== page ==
Two Poems from Blossom in Ashes
Until recently, Basman Ben-Haim spoke sparingly of the horror-filled years called the khurbn in Yiddish. But then, in 2020, she published Bliung in Ash (Blossom in Ashes), which addresses her experiences in those years.
Rivka has told me much about her life, but she never discussed how she sees her role as a poet. In the first poem below we find her discussing her mission.
One of the challenges translators face is what to do when the literal meaning of the original does not work in the language of translation. In the second poem I wondered how to translate the Yiddish words hayntike (“today-like” or “today’s”) and nekhtike (“yesterday-like” or “yesterday’s”). Does it make sense to say “We are more yesterday’s / than today’s”? I think not. Precisely because “yesterday” and “today” have dimensions in both time and place, I decided to translate the former as “then-and-there” and the latter as “here-and-now.”
—Zelda Kahan Newman
Choose for those who were not chosen,
Sing out for those who have not sung.
Respond to those who have remained
and speak for those who do not speak,
Plead for those who were ignored
Demand for those who did not live to see
and those who guard along the paths
the steps of those who sank down.
With them sing out what’s left of horror—
That’s not been sung.
דערקלײַב דאָס ניט־דערקליבענע,
דערזינג דאָס ניט־דערזונגענע,
נעם אױף פֿאַר די געבליבענע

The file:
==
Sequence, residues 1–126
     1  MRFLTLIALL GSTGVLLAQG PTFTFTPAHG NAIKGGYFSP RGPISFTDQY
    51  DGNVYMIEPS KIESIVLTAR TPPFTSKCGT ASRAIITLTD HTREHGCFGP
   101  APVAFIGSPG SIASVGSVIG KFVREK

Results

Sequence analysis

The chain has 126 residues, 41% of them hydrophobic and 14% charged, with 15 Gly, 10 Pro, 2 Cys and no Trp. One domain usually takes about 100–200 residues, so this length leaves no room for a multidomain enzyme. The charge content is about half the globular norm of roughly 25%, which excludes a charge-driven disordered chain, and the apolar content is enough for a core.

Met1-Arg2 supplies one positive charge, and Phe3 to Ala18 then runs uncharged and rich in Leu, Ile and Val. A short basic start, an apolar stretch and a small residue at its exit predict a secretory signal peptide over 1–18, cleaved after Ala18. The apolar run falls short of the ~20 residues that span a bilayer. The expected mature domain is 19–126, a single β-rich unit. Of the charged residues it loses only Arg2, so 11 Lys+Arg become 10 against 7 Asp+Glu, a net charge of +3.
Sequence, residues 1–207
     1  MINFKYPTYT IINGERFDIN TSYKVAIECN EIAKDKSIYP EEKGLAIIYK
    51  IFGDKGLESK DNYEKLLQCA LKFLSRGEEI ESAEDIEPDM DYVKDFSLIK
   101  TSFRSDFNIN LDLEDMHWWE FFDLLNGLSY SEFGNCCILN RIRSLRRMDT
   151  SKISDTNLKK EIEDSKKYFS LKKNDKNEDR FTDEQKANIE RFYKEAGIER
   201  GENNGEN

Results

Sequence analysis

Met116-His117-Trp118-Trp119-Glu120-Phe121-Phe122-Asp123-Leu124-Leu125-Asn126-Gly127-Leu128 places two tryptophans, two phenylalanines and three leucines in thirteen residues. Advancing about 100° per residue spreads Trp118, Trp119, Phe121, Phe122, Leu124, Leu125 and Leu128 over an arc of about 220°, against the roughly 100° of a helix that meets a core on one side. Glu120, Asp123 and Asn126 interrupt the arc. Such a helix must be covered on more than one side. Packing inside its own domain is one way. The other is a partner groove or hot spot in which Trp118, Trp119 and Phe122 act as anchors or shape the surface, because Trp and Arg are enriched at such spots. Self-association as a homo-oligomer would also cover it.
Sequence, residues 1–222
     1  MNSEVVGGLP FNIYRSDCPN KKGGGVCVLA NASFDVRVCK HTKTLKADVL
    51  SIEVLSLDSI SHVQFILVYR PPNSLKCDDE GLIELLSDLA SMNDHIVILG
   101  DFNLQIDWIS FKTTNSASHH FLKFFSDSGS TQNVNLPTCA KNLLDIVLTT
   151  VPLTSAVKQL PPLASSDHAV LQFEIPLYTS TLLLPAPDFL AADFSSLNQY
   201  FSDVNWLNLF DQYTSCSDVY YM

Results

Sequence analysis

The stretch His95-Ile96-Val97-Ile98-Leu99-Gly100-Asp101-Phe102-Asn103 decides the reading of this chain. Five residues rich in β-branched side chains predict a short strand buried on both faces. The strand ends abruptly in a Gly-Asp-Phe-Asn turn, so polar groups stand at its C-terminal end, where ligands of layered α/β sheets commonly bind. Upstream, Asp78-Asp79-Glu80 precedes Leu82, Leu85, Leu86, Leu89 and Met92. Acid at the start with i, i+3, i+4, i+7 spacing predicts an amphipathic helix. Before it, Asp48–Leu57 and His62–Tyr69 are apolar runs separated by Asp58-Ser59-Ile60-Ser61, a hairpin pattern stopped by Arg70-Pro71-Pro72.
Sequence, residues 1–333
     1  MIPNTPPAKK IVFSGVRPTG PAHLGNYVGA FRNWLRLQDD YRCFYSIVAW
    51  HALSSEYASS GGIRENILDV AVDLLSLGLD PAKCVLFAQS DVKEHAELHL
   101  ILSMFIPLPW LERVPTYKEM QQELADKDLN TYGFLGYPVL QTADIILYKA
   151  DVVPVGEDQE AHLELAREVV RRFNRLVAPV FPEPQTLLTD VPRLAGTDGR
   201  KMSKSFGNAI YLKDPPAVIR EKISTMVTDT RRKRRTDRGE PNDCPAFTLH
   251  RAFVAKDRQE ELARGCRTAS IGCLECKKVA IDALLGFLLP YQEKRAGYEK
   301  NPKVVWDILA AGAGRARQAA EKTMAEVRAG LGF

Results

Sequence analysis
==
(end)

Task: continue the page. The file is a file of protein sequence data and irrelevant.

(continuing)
און רײד פֿאַר זײ דאָס ניט־דעררעדטע,
בעט פֿאַר זײ דאָס ניט־געבעטענע,
מאָן פֿאַר זײ דאָס ניט־דערלעבטע
און די װאָס היטן פּאַזע װעגן
טריט פֿון די פֿאַרזונקענע,
מיט זײ דערזינג די רעשט פֿון גרױל,—
* * *
More than once it’s seemed to me
that more than the here-and-now
we are the there-and-then.
Today races past us
in a blink—
Yesterday remains loyal
and accompanies us
with every step.
It no longer hurries,
it has its own time, an eternity.
As for us—until time
Puts out our sun,
let them believe us,
with sanity, not suspicion,
we breathe our today.
It’s true that more than the here-and-now
we are the there-and-then.
ניט אײן מאָל קלערט זיך מיר
אַז מער װי הײַנטיקע
מיר זײַנען נעכטיקע—
דער הײַנט אַנטלױפֿט פֿון אונדז
דער נעכטן בלײַבט אונדז טרײַ
און גײט מיט אונדז
ער אײַלט ניט מער,
ער האָט זײַן צײַט, אַן אײביקײט
און מיר—ביז צײַט
פֿאַרלעשט ניט אונדזער זון,
טאָ זאָל מען גלײבן אונדז,
אין לײַכטזין ניט פֿאַרדעכטיקן,
מיר אָטעמען דעם הײַנט
אַן אמתן—אַז מער װי הײַנטיקע
מיר זײַנען נעכטיקע.
Born in 1925, Rivka Basman Ben-Haim is an Israeli poet who was in the Vilna ghetto and a forced labor camp for women. She prefers not to use the term Holocaust “survivor” to describe herself. The teenager who was herded into those places, she says, did not survive; she died. The woman who emerged met and married the artist Mula Ben-Haim in a displaced-persons camp. The couple helped smuggle refugees illegally into what became the state of Israel and were among the founders of kibbutz Ha-Ma’apil. Rivka got a degree in education and taught children on the kibbutz. She spent time in the Soviet Union when her husband was a cultural attache there and ultimately settled with him in Herzylia Pituach. As long as Mula was alive he illustrated every one of her books. After he died there were no new illustrations, but Rivka included his illustrations in every book she has published since.
Zelda Kahan Newman is a linguist specializing in Yiddish language and culture. She has written a paper entitled “The Jewish Sound of Speech: Talmudic Chant, Yiddish Intonation and the Origins of Early Ashkenaz.” Academica Press published her English biography of Kadya Molodowsky; its Hebrew translation was published by Carmel Publishing. She has written the entry on Rivka Basman Ben-Haim in the Jewish Women’s Encyclopedia and has kept a blog on the author here. In 2016 MayApple Press put out The Thirteenth Hour, a book of her translations of Rivka Basman Ben-Haim’s poems.